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Shelley and Gray emerge as Gypsies 'wind up' duo


Brian Shelley's career is in limbo as he seeks wages from Bohemians.

Brian Shelley's career is in limbo as he seeks wages from Bohemians.

Brian Shelley's career is in limbo as he seeks wages from Bohemians.

A protracted guessing game came to an end yesterday when Brian Shelley and Steven Gray were confirmed as the two Bohemians players seeking to have the club wound up due to non-payment of wages.

The duo instructed their solicitor, Stuart Gilhooly, to lodge the petition in the High Court and he has officially set those wheels in motion.

Now, all parties will wait for the requisite legal channels to set an initial court date, with Gilhooly stating last night that the players would not be swayed by the suggestion that Bohs would be in a position to make an offer next week.

Bohs officials say they intend to make a collective approach to the entire group of 10 players who remain under contract to the club and are due almost seven weeks' wages.

They are believed to have some cash available, but it's unclear how much they will be able to release up front as it's understood the Dublin club must wait until they pass licensing requirements next month before they can fully release funds raised over the past couple of months.


The prospect of waiting for another couple of weeks has been rejected by Shelley and Gray, who have run out of patience with the Dalymount Park authorities and proceeded with the winding-up order on the basis that the club is unable to pay its debts.

Shelley's situation has proved to be a source of confusion over the past number of days. The 29-year-old defender is in Norway today with a group of Irish professionals looking to impress watching scouts with a view to securing new employment. Other contracted Bohs players didn't make that journey.

A statement from Gilhooly denied reports from Australia claiming that Shelley had agreed to join a Victoria-based club named Ballarat Red Devils from the beginning of February.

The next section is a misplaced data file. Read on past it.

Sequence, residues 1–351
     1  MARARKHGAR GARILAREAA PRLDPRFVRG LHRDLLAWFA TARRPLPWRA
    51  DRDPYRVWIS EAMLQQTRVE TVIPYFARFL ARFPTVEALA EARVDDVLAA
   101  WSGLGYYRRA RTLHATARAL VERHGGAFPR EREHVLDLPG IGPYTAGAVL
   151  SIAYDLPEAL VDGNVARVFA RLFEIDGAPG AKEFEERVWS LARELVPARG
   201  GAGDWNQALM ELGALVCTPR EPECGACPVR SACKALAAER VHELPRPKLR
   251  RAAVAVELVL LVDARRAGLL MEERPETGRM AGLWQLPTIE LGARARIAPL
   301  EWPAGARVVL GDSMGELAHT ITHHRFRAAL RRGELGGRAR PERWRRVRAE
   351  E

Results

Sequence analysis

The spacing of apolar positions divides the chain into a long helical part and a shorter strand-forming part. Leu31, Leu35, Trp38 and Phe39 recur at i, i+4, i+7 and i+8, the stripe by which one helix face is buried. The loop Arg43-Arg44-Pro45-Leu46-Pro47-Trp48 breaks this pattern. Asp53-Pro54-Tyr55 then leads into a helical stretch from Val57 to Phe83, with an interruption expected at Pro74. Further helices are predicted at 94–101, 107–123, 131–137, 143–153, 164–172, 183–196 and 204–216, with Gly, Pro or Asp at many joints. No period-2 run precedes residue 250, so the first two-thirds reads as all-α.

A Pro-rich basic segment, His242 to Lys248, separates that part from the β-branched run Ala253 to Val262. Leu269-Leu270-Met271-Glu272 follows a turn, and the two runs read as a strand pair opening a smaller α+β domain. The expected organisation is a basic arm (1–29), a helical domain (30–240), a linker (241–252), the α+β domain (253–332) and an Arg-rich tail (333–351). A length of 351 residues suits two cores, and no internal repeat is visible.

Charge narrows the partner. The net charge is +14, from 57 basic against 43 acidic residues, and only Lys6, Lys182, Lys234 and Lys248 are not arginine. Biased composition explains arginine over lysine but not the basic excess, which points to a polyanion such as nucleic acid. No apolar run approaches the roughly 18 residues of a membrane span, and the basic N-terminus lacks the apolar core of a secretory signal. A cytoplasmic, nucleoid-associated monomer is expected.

"Brian has not agreed any deal to sign for Ballarat Red Devils," said Gilhooly.

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"Furthermore, he has not spoken to any media, Australian or otherwise, about this club and the quotes attributed to him are entirely false.

"He remains contracted to Bohemians Football Club and will remain at the club until his contract expires or until the club makes such offer of settlement of his contract that is acceptable to him.

"In common with nearly all other Bohemians players, he has not been paid on foot of his contract in nearly seven weeks. As a result and without prejudice to the terms of his contract, Bohemians have given permission for him to speak to other clubs."

Shelley joined Bohs from Drogheda United after the Louth club fell on hard times, and has been a mainstay of Pat Fenlon's side over the past two seasons.

Gray is another ex-Drogheda player, who was with Derry City before making the move to Phibsborough last winter. The big defender spent the majority of last season on the sidelines due to injury.

Other members of the dressing-room shied away from going down the legal route and returned to training under Fenlon this week, although there is no guarantee they will have a future at Dalymount Park.

However, Shelley and Gray's representatives argue that the pair cannot afford to go any longer without payment, and are entitled to pursue their case. They also insist that the club have money in the bank to pay some of the money in arrears.

"I spoke to people who gave the funds," declared PFAI general secretary Stephen McGuinness, who refused to confirm that this was a reference to the FAI.

"They've got help from everyone within the game. I am 100pc sure that Bohemians are in funds to resolve the issue. They seem to want the players to push the club the next step. They've forced the players down this road.

"Staff have been paid, everyone else at the club has been at the club over Christmas, but our members are seven weeks outstanding. The supporters of the club need to vent any anger they have at their board."

Nevertheless, both Shelley and Gray are aware there will be a backlash if the legal action puts their employers in a perilous position.

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